(a belated)::Nature Photo Friday::

Each Friday I will post a nature photo (or two…) from our adventures of the week. The photo will represent a moment that I want to remember, to take in the feelings of that outdoor experience. If you are inspired to do the same, share a link to your nature photo in the comments. There is so much beauty in the natural world to share, I hope you will join me!

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{We had some bitter cold temperatures last week, with lows reaching well below zero, which led to reduced time outside. But, we still managed to enjoy the view from our little hill. And, we even brightened it up a bit, with a giant Waldorf star to add a little color to the neutrals that blanket the landscape this time of year. Hoping for more outdoor adventuring this week as temperatures are on the rise again.}

Animal Tracking in Winter

Architetto -- tante orma sulla neve by francesco_rollandin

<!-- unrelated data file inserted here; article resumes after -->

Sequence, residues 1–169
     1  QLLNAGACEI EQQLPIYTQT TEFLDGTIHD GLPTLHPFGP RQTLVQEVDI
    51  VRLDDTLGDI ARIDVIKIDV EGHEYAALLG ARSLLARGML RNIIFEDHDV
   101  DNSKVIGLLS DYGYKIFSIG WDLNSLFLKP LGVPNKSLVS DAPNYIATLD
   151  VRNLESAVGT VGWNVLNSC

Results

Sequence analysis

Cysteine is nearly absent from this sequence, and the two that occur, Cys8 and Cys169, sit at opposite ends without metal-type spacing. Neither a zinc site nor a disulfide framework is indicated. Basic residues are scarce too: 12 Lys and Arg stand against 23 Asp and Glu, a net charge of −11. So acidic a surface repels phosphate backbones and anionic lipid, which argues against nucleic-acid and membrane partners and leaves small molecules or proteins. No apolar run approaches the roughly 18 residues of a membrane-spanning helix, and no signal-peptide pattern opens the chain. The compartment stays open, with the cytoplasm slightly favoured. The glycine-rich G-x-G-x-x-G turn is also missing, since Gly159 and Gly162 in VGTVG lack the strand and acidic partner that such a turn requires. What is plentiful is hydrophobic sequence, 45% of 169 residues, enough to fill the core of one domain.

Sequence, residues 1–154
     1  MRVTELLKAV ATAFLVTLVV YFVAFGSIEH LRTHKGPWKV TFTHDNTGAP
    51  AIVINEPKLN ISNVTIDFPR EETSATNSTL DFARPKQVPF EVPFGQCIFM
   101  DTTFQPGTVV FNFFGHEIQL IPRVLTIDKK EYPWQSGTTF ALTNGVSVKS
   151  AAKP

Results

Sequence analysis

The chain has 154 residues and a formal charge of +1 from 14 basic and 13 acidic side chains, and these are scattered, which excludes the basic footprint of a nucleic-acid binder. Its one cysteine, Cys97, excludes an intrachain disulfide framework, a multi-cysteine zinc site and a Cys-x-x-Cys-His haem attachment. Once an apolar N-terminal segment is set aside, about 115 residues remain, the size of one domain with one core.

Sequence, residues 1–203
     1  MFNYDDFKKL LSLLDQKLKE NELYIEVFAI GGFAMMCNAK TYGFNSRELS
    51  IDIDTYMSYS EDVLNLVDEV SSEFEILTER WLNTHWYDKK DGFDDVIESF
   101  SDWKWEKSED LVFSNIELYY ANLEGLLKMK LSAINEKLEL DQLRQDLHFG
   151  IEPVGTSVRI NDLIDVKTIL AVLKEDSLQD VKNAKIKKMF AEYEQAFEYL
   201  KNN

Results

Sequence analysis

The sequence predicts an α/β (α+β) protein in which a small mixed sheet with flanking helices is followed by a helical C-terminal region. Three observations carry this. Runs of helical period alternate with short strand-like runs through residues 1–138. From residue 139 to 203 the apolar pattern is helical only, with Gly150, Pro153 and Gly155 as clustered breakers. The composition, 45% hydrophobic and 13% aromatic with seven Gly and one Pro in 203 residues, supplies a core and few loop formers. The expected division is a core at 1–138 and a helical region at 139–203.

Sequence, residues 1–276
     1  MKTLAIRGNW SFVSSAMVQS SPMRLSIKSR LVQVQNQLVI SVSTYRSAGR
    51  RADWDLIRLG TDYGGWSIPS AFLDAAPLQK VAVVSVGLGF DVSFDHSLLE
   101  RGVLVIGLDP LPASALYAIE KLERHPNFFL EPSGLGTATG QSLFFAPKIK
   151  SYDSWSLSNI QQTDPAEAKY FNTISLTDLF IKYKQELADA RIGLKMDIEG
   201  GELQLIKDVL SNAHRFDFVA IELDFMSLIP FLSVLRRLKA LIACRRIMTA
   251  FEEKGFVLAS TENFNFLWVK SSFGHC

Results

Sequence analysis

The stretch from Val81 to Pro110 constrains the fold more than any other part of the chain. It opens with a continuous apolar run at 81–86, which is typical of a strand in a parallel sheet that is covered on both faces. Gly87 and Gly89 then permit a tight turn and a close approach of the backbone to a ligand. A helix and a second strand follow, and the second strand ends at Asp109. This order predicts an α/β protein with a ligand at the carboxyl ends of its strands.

While some animals hibernate or migrate to warmer climates for the winter, many animals continue to be active. With snow on the ground, a great wintertime activity can be tracking these animals that remain out and about. Tracking involves interpreting, following, and identifying animal tracks. Children can be nature detectives as they study the different animal tracks and signs left in the snow. The more time they take searching for clues and making careful observations, the more they will learn about the wild animals of winter. Here are some helpful tips for animal tracking with children:

  • Examine the tracks carefully –
    • Use a ruler to measure the size of the track and the distance between tracks
    • Notice the shape of the track; count the number of toes
    • Based on the pattern of the tracks can you tell how the animal was moving? Was it walking? Was it running? Was it hopping?
  • Notice what is around the animal tracks –
    • Where are they located?
    • Where do the animal tracks go? Follow them for a little bit.
    • Are there other animal signs near the tracks, such as scat or fur or feathers or scratches/claw marks?
  • Bring along kid-friendly animal tracking guides or cards. This is a great resource for children. Here is a handy pocket guide to bring along on your adventure.
  • Take pictures of the different animal tracks you find so you can take another look at what you found back at home or in the classroom.
  • Bring nature journals or clipboards so students can draw their observations and findings.

::Nature Photo Friday::